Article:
Tips For Hearing Well Over The Holidays

Four pairs of sock feet warming in front of a fireplace

Are you worried hearing loss will undermine your holiday plans?

As we approach the time of jingle bells and festive carols, we want to make sure you’re ready to enjoy – and hear – everything this season has to offer.

Your next event isn’t destined to be a Silent Night.

Here are some tips to ensure you can be fully present and enjoy your festive holiday events.

Make a hearing plan

We already spend so much time planning this time of year down to the detail – the food, the itinerary, the outfit, the gifts, the décor. We all want to look our best. Why not consider how you can hear your best too?

That’s where making a hearing plan can help.

Considerations for your hearing plan:

  • Talk to your host before the event, especially if you’re not familiar with the venue.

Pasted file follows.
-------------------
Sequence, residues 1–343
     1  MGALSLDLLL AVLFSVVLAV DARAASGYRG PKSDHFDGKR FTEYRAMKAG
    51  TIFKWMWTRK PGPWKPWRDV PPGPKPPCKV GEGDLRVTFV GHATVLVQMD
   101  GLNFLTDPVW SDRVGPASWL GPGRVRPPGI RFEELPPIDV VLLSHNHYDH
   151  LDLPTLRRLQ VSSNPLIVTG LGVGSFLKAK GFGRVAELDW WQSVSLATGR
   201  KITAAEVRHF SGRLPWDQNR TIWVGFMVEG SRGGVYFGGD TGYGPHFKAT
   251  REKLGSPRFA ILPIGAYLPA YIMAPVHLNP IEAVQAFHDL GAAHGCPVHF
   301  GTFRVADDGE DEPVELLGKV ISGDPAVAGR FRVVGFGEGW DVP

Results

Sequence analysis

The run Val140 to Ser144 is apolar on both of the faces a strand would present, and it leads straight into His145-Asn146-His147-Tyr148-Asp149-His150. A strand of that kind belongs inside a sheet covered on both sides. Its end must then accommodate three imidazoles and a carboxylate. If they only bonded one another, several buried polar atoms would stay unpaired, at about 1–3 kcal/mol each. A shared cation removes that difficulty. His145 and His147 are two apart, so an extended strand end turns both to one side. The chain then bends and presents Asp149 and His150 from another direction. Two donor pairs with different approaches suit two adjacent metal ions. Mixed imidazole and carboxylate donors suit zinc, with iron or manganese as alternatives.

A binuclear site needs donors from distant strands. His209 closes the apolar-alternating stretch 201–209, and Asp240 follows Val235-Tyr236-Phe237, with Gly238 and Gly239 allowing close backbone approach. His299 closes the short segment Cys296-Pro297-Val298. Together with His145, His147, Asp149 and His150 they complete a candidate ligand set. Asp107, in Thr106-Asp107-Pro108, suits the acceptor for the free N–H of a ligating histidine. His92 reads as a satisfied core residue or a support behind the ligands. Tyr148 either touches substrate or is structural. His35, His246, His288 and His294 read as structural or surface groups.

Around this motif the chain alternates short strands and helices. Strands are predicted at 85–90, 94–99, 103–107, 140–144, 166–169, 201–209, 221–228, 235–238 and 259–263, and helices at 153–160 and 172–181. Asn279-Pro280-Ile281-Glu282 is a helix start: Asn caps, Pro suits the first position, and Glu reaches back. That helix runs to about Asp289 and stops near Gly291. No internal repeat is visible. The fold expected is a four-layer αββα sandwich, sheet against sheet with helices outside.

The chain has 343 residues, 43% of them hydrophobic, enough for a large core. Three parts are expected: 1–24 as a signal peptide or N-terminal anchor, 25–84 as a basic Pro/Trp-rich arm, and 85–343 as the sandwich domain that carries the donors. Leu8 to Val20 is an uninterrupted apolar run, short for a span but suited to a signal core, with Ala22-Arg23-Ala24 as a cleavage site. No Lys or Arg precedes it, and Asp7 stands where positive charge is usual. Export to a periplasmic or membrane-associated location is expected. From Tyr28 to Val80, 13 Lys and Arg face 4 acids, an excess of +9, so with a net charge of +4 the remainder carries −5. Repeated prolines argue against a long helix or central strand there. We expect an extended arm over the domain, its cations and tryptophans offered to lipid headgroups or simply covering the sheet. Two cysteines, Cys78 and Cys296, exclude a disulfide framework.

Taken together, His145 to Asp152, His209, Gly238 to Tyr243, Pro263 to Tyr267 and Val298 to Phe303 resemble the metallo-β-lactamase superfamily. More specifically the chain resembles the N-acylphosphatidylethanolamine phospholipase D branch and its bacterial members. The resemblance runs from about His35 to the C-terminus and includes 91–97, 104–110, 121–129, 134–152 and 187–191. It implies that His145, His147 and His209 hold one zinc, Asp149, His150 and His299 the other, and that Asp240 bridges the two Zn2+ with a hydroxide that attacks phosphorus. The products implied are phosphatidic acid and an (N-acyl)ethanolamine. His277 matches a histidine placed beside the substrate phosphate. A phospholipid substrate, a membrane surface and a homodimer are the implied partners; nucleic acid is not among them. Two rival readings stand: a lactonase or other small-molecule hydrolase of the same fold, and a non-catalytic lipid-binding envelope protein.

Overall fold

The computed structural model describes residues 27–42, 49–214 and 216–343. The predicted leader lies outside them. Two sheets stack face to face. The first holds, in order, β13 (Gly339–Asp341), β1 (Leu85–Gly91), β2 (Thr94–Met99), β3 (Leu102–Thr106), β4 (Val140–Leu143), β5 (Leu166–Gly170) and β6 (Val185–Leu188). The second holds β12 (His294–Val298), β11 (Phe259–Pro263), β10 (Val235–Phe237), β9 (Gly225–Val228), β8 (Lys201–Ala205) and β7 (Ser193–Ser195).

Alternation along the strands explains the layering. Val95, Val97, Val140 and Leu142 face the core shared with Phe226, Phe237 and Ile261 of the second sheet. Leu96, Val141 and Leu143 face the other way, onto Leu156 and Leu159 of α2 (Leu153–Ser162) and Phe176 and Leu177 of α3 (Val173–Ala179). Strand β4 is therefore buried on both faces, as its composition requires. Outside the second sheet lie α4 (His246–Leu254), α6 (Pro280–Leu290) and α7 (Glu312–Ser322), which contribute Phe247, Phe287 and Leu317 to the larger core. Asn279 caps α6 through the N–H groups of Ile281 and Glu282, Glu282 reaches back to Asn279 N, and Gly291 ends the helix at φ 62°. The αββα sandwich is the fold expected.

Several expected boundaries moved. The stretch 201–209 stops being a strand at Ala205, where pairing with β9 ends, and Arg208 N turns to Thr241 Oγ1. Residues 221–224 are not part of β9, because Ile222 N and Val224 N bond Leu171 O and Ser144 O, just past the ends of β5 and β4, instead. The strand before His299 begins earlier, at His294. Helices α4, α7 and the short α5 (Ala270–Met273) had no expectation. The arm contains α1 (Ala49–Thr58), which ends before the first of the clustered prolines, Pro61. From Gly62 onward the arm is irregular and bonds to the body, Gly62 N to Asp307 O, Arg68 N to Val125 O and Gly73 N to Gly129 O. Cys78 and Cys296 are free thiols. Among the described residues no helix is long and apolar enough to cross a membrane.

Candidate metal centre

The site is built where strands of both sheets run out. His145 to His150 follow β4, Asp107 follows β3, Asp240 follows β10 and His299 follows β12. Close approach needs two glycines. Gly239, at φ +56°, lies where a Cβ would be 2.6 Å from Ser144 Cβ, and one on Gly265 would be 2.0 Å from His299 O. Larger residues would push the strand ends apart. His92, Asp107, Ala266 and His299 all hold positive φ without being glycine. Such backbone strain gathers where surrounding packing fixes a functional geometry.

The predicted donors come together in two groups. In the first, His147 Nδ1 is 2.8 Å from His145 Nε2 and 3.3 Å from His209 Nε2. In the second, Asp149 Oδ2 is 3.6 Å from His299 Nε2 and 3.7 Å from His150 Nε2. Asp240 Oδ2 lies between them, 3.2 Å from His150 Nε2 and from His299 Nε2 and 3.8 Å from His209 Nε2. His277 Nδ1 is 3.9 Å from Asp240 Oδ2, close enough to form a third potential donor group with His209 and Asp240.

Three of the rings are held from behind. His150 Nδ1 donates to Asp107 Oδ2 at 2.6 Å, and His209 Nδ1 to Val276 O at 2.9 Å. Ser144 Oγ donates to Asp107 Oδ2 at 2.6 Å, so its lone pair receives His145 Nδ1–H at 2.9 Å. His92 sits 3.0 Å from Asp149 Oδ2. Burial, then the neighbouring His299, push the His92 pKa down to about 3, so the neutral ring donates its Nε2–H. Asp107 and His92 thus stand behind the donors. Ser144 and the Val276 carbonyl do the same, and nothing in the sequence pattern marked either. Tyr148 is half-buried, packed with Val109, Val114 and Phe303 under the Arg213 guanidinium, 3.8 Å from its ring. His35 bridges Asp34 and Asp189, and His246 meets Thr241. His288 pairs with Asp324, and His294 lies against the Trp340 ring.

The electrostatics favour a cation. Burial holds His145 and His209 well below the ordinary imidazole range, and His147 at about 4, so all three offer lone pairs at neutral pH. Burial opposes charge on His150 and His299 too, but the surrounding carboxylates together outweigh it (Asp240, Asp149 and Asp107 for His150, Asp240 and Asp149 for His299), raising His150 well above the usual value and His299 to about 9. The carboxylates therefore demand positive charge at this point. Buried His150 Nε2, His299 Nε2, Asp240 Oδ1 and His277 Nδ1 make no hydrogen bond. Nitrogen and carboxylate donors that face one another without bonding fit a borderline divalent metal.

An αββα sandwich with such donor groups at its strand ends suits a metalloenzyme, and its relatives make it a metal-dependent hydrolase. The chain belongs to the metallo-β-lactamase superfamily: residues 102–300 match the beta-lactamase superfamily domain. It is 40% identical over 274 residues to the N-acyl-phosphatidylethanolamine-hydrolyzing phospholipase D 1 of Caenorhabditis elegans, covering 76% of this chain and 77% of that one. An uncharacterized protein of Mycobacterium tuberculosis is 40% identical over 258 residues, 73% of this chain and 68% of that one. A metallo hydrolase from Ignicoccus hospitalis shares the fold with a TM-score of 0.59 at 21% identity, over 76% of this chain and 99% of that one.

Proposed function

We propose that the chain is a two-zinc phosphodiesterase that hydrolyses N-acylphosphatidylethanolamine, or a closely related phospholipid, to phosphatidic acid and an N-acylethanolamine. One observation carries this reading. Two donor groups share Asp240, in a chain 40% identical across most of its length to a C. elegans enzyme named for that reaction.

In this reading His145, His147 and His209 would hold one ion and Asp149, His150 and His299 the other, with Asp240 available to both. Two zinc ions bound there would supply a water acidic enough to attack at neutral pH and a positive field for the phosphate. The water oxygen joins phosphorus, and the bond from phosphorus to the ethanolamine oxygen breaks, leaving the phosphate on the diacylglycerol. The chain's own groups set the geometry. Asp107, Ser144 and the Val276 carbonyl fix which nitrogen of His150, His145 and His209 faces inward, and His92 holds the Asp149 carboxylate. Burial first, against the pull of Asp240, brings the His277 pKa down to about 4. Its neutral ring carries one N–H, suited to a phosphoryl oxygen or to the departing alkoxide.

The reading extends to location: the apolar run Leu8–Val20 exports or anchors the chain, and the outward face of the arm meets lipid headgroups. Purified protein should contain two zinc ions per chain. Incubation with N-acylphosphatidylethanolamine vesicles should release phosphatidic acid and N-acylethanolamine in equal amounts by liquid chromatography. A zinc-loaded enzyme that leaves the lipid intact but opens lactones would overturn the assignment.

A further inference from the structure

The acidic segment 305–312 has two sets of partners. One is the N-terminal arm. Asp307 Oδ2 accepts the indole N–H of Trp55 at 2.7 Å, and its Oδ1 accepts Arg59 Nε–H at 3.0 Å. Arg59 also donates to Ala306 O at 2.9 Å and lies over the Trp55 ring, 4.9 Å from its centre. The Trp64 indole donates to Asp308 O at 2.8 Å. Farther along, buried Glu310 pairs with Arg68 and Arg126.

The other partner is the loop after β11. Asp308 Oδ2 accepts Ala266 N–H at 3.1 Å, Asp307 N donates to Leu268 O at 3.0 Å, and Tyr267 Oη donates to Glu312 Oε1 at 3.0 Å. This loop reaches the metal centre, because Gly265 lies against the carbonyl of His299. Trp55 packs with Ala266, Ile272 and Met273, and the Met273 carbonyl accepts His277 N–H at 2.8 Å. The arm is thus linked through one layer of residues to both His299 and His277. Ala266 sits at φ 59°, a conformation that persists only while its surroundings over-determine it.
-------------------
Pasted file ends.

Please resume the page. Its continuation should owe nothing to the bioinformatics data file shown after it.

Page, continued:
• Find out what the room is like – windows, walls, floor coverings and ceiling height all affect how sound travels.
  • Reserve your seat in advance if possible.
  • Give yourself a break – short, quiet “time outs” throughout the event can help you regroup and reset your energy level.

If you already have concerns you won’t be able to hear well at your next event, then it’s time to speak with us to find out why.

We can help you look forward to social situations again.

How to hear better at the venue

Family gathered around the table for a holiday meal

Arriving at your event

The halls are decked, and you’re ready to get jolly. It’s now time to execute your plan. This is where your advance preparations can really pay off.

If you didn’t have time to plan in advance, or if you find yourself at a spontaneous event, don’t worry, you still have options.

If you haven’t done so already, let the host know about your hearing needs. This will give them the opportunity to accommodate, which any good host will want to do.

If you’ll be sitting down to eat

Claim a quiet place at the table with your back to a wall – this will help buffer ambient noise.